Jain Agamas have described an ascetic discipline, which is actually meant for spirituality, but is very important for the maintenance of our health also. Whenever an ascetic goes out for half a kilometer, one kilometer or even for 100 steps, on returning, he has to practice 'Kayotsarga' i.e. relaxation. Relaxation has to be practiced with all monastic disciplinary practices like `Pratikraman' (a special prayer for repentance, forgiveness) and `Pratilekhan' (watching their clothes carefully with the aim of not killing or hurting any living organisms). It is necessary for a monk to practice relaxation 15-20 times a day. This means balancing action and inaction. If we practice `Kayotsarga’ i.e. relaxation, after every action, we establish an equilibrium. Relaxing just once is not sufficient. 'Kayotsarga' can be practiced by anyone, twenty to thirty times a day. Whenever you are engaged in activities for an hour or two, you should practice Kayotsarga for five minutes. This will help maintain an equilibrium. If you keep on working continuously without a break, your vital energy will be in danger. `Kayotsarga' is the best key to good physical health. We have prescribed a technique of meditation for physical health, on the basis of `Kayotsarga' called 'Kayakalp'. Ayurveda has been practicing the technique of 'Kayakalp'. If a man becomes severely ill or becomes quite old, he loses the power to work. The ancient Ayurvedic doctors used to make such people practice Kayakalp. Ayurveda has a very rigorous procedure for Kayakalp. In Ayurveda ‘Kayakalp’ is put into practice along with meditation and spiritual practice. Preksha Meditation has a systematic schedule for it.

The first step of the procedure of Kayakalp is to lie down in the position of Kayotsarg (relaxation). In the relaxed posture, focus your attention on your big toe of your right foot. Give an autosuggestion to relax and experience it relaxing. Now relax all your other toes, one by one. Loosen all the muscles of your toes, sole, heel and ankle and suggest to yourself two, three times, "They are becoming healthy". In the same way, concentrate on each and every organ, practice relaxation over there, and autosuggest that they become healthy'. Now relax your calf muscles, knee, thigh muscles and buttocks. Stand focused there for two to three minutes. Autosuggest to them- `Toxins are coming out of my body, and it is becoming healthy'. Feel all the infectious and harmful particles going away and feel yourself completely healed in each part. Similarly, practice Kayotsarg on your left foot from toes to waist and suggest the same. Now relax inside the abdominal cavity, each and every internal organ, liver, stomach, pancreas, gall bladder, duodenum, small intestine, colon and kidneys. Experience that they are relaxing. By autosuggestion, feel that they are becoming healthy. Now relax your lungs, heart, shoulders, hands, neck, facial muscles, each and every sense organ, forehead and brain. Experience their relaxation. By autosuggestion, feel that they are becoming healthy. Along with Kayotsarg, concentrate on each and every organ and simultaneously practice long breathing.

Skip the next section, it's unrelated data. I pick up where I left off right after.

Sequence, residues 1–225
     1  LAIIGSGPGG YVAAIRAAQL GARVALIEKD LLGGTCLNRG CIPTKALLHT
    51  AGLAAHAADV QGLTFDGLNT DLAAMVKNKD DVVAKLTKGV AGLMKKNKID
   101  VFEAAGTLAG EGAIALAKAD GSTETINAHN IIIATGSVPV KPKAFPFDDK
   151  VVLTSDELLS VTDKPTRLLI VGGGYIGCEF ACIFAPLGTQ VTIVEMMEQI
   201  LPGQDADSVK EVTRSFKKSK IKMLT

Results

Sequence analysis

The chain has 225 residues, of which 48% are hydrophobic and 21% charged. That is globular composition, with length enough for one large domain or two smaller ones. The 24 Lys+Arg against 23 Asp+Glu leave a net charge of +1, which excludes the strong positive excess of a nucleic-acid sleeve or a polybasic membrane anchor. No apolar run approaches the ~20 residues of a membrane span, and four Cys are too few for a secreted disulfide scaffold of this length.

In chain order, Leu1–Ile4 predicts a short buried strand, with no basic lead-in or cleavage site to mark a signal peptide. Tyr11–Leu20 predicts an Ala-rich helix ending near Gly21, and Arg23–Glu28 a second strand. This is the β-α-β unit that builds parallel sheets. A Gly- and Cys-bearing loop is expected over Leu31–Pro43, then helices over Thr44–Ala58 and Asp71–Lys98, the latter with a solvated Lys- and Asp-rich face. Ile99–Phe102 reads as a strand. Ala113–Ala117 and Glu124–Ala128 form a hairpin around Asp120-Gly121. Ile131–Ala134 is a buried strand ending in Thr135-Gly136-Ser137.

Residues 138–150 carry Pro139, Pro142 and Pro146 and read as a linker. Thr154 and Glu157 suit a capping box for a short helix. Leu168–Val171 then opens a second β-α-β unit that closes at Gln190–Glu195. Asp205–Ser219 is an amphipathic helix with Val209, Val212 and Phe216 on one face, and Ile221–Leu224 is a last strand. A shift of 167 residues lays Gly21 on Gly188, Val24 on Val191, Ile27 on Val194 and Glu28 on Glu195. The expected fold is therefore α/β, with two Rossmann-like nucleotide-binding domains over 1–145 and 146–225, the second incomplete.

Your breath will not reach there, as our breath cannot go beyond the sub-diaphragm region, but by your gentle suggestions, the energy of the vital force will reach there. Let your vital force spread there. Wherever the vital energy reaches, enough electric force will be supplied and this will spur the exit of alien, infectious particles. You will be able to feel the healthiness of the body. This is the first step of the technique of Kayakalp.

The second step of Kayakalp is the practice of Preksha Meditation with `Leshya Dhyan' (Colour Meditation). According to Hatha Yoga and Swarodaya Science, our body is made up of the five elements. They are earth, water, fire, air and space. Also, our body is made up of seven basic elements, which is why it is sometimes termed an image of seven elements. All these basic elements have their own colors. From the legs to the waist is the region of the earth element, whose colour is yellow. Above this, and up to just below the bellybutton, is the region of the water element, whose colour is white, like water. The complete area of the digestive system, all around the bellybutton, is the region of the fire element, whose colour is reddish yellow, like fire. The area of our heart, where the centre of bliss is located, is the region of the air element, whose colour is blue. The part above the neck is the region of the space element, whose colour is smoky: neither completely grey, nor completely white. It is a mixed kind of colour. These are its five colours. We must practice `Kayakalp' with long breathing and visualize these colours. While concentrating from toes to the part of lower abdomen, imagine and visualize white colour there. At the centre of bioelectricity, in and around the bellybutton, feel the radiance of pink colour. While meditating on the centre of bliss, visualize blue colour. Above your neck, experience and imagine grey colour.